Good Carbs vs Bad Carbs – What is the Difference?

Carbohydrates play a significant role in our diet they are the body’s main source of energy.

They are essential for good health and are a requirement for survival.

Right now, there is a heated debate regarding good carbs and bad carbs.

This topic gets even more confusing.

Some experts tackle the glycemic index.

Others put the blame on certain ingredients like refined sugar and high fructose corn syrup.

Some want to determine your metabolic rate.

While some carbs are really bad, there are lots of carbohydrates that give tremendous benefits to your body.

So how do you know which is which?


What are Carbohydrates?

Carbohydrates (or simply ‘carbs’) are the body’s main energy source and are an essential part of a healthy balanced diet.

This macronutrient must not be avoided and it is important to know that not all carbs are the same.

Carbs can be grouped into two categories – complex (the good) and simple (the bad), based on their chemical structure and how the body breaks them down.

Carbohydrates are made up of hydrogen, carbon, and oxygen and are arranged in small units called monosaccharides or simply ‘sugar’.

The Physicians Committee for Responsible Medicine describes simple carbohydrates simply – sugars that are easily digested and quickly absorbed.

They are considered the small carbohydrates because they are only made up of one or two units.

These are the molecules that provide the sweet taste in food.

On the other hand, complex carbohydrates are composed of sugar molecules joined together like a coil or necklace.

They are the bigger carbohydrates and are made up of at least 20 or more monosaccharides linked together.

Bigger carbohydrates are called polysaccharides and may contain hundreds of monosaccharides joined together in various ways.

Another type of complex carbohydrates is called oligosaccharide, a type of carbohydrate that is in between monosaccharides and polysaccharides in size.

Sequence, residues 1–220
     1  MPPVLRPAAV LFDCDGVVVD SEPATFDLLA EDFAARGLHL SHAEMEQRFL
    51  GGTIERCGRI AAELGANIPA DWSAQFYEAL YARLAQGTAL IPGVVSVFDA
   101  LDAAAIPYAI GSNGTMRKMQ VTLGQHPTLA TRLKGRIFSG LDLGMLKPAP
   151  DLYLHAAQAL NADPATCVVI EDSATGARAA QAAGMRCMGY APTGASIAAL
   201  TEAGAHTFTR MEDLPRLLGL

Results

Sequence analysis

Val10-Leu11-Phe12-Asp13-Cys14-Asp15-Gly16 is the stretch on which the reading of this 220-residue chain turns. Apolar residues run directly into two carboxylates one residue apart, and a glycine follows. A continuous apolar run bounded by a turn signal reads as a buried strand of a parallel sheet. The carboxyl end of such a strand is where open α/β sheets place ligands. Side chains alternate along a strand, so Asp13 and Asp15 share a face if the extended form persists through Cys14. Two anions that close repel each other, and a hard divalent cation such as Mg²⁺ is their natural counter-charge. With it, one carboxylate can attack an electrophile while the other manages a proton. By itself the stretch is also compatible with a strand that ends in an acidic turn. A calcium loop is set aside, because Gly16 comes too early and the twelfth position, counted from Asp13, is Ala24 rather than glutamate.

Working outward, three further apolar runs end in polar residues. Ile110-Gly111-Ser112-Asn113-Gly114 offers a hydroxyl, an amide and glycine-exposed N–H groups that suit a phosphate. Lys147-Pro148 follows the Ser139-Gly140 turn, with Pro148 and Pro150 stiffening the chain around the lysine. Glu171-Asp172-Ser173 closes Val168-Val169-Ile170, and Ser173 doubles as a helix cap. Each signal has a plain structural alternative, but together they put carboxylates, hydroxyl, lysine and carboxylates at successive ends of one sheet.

It contains 3-20 monosaccharides linked together.


Why do You Need to Eat Carbohydrates?


Many people think of carbohydrates to be fattening, but the truth is that they are the primary nutrient that your body needs.

A zero-carb diet is very hard to achieve and is unsustainable because it can cause dangerous effects to your body.


Energy Supply


All your daily activities require energy.

Even breathing or walking requires energy.

Carbohydrates are the body’s primary energy source – the nutrients that get used first, before protein, fat, or alcohol.

The sugar needed for your daily energy requirement is glucose; its source is from the sugars and starches you eat.

Experts suggest that 45% to 60% of your diet must come from carbohydrates.

Along with insulin, sugar and starch get converted into simple sugar during the process of digestion.

Glucose then enters the cell wall.

The excess sugar from food is stored in the liver, muscles, and other parts of the body.

If not used, it gets converted to fat.


Boost Mood


According to studies, carbohydrates have the ability to promote the production of the brain chemical serotonin (1).

This particular ability is what protein lacks.

People who follow a very low carbohydrates diet, allowing only 40 grams of carbs per day, may experience more anger, anxiety, and depression than those who follow a high-carb, low-fat diet, focusing on whole grains, beans, and fruits.


Promote Weight Loss


Research from Brigham Young University studied the diet of middle-aged women for about two years.

Researchers have found that those who focused more on fiber intake lost weight while those who reduced their fiber intake gained it (2).

A lot of carbohydrates contain indigestible fiber, a type of complex carbohydrate that provides bulk to your diet.




Increasing soluble fiber intake, a form of fiber commonly found in carbohydrate food such as beans and oatmeal, by 10 grams every day can lead to a 5% reduction in the bad cholesterol or LDL (low-density lipoprotein) level.


Help Blast Stored Fat


A study shows that eating your breakfast composed of “slow-release” carbohydrates three hours before working out may help blast more fat.

Eating slow-release carbohydrates such as whole oats or bran doesn’t cause as high of an increase in blood sugar as consuming refined carbohydrates does.

Insulin levels don’t spike either.

A rise in insulin signals the body to store fat.

Keeping lower levels of blood sugar may help burn fat. (3)


Keep Your Memory Sharp


A study from Tufts University revealed that people who eliminated carbohydrates from their diet performed more poorly on tasks involving memory function than those who reduced calories, but kept carbohydrates.

Once carbohydrates were reintroduced, their cognitive skills return back to normal.